News

Swedish Medical Center to partner with peninsula hospitals

by MARK ST.J. COUHIG
Sequim Gazette

Olympic Medical Center hopes to join forces formally with Swedish Medical Center to provide better health care services to peninsula residents.

 

After nine months of planning and research, OMC CEO Eric Lewis told the board of commissioners that Swedish is the best choice to serve as a “tertiary” associate for the local hospital system. The board agreed with his recommendation, unanimously approving a motion authorizing Lewis to move forward in creating a joint “non-binding letter of intent” with Swedish.

 

OMC, Jefferson Healthcare and Forks Community Hospital have been working together for nine months to choose a tertiary associate. This week the Jefferson Healthcare board also named Swedish as its choice.

 

Lewis described the role of the new tertiary affiliate, saying Swedish will provide a number of useful services, including those “third-level services” OMC can’t provide, such as open-heart surgery, neurosurgery, care for severe burns and neonatal intensive care.

 

He said utilizing the tertiary affiliate would be up to patients but if they chose that option, they would receive excellent, cost-effective service. Lewis said Swedish has agreed that “all patients are accepted.” That includes private pay, Medicare and uninsured patients, he said.

 

OMC and Swedish will work out details to ensure that patients switching from one system to the other have a “smooth transition,” Lewis said. Plans call for a “one call does it all” process.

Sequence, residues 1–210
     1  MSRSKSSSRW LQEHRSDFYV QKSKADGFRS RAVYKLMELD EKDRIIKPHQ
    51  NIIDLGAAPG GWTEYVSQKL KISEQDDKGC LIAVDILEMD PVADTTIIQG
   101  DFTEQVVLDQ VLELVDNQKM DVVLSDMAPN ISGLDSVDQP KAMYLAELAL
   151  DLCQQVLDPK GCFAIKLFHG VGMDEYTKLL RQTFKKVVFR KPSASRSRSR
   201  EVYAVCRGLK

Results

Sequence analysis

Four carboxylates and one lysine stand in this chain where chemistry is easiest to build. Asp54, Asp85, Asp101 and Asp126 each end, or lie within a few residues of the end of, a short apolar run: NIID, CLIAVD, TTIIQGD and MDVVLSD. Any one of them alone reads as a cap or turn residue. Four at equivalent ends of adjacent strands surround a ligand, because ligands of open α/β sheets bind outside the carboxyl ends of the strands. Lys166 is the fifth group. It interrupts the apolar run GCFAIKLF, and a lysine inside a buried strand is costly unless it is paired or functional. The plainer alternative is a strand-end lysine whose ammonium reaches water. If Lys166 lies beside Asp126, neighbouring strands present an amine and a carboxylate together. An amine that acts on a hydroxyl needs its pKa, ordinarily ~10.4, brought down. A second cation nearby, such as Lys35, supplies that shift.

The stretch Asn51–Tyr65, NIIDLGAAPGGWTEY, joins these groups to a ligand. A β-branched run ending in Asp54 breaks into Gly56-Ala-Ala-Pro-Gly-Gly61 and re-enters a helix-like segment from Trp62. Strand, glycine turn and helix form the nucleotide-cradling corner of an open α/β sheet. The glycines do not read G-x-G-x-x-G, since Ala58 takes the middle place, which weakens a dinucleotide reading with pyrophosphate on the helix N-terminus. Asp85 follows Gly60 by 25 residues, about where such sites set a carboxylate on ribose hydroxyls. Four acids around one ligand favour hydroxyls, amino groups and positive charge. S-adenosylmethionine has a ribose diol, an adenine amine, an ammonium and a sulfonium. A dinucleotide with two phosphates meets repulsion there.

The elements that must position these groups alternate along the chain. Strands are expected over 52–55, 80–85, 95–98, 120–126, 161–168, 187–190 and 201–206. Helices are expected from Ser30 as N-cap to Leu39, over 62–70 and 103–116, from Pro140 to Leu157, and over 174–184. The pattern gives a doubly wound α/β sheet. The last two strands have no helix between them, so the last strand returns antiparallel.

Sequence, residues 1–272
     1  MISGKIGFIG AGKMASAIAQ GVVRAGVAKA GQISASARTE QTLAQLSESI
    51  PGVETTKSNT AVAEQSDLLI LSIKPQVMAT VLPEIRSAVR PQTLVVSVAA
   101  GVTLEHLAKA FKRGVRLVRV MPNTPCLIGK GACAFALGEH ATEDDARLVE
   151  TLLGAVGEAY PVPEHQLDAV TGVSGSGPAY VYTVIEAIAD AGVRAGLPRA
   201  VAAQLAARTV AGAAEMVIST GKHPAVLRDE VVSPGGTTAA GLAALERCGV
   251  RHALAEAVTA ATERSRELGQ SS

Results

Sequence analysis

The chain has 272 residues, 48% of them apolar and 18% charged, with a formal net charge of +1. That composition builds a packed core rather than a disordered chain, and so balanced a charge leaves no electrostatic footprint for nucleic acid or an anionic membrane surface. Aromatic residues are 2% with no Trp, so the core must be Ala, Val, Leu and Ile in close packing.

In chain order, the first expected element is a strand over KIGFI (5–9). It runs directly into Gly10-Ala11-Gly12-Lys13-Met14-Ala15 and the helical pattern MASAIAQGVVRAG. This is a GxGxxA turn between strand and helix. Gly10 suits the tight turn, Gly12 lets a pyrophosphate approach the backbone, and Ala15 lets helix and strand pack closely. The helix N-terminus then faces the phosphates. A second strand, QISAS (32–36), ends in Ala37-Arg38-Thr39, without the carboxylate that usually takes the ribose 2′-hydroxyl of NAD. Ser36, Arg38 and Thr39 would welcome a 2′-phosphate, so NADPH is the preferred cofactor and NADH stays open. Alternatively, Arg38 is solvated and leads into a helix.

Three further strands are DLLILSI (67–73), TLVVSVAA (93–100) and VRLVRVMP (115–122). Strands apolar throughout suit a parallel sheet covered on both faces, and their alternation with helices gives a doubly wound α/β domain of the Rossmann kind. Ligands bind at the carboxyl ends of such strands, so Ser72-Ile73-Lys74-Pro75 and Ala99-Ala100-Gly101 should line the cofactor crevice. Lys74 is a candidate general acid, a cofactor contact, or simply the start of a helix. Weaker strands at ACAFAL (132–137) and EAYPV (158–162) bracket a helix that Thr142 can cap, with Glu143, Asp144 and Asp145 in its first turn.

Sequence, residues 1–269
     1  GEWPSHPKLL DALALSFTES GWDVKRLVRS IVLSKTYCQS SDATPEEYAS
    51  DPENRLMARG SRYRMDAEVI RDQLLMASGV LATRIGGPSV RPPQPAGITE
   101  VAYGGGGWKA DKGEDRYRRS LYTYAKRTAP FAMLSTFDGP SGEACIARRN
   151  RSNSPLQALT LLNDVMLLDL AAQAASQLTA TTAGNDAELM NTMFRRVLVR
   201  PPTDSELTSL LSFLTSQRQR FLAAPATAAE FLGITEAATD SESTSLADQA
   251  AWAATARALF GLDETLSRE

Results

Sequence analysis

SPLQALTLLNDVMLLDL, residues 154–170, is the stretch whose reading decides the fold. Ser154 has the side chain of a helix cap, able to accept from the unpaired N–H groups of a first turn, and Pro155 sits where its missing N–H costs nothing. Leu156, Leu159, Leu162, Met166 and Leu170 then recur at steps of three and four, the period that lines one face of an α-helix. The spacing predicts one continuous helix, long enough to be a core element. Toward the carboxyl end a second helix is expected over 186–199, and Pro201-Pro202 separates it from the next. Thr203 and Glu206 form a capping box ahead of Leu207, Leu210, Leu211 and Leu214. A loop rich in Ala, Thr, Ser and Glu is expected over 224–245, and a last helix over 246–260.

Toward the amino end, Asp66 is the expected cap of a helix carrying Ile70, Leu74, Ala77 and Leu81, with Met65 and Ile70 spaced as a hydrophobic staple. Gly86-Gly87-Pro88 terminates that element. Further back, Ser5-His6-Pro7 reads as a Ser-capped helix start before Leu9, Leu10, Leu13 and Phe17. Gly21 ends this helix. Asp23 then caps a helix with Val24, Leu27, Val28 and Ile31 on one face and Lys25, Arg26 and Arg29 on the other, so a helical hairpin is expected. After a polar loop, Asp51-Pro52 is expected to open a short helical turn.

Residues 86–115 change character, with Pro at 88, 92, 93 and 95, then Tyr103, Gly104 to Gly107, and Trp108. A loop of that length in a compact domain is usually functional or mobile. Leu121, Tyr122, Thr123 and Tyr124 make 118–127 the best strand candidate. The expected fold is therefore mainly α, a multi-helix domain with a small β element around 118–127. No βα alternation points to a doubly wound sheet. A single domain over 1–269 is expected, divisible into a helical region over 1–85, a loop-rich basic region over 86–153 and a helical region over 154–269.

Benefits package

Lewis said having a larger affiliate will help OMC meet other challenges, including new electronic medical record-keeping (EMR) requirements. Swedish utilizes Epic, a highly-praised record-keeping system.

Lewis said the system, now the dominant EMR system in the Northwest, was unavailable to OMC. “We can’t buy Epic,” he said. “We’re not big enough.”

 

Lewis said to date Swedish has spent $150 million on the service. “They’ll license it to us at a price we can afford,” he said.

 

Lewis also praised the medical staff at Swedish, saying the hospital’s reputation allows it to “cherry pick” the nation’s very best doctors.

 

Lewis will begin work on creating the non-binding letter of intent with Swedish, with completion expected by April 20. OMC officials hope to have the final agreements within the next three to five months. “If we work hard, we can get this ready,” Lewis said. “We’re ready to go forward.”

 

The agreement is subject to final approval by OMC’s board of commissioners.

 

Reach Mark Couhig at mcouhig@sequimgazette.com.

 

 

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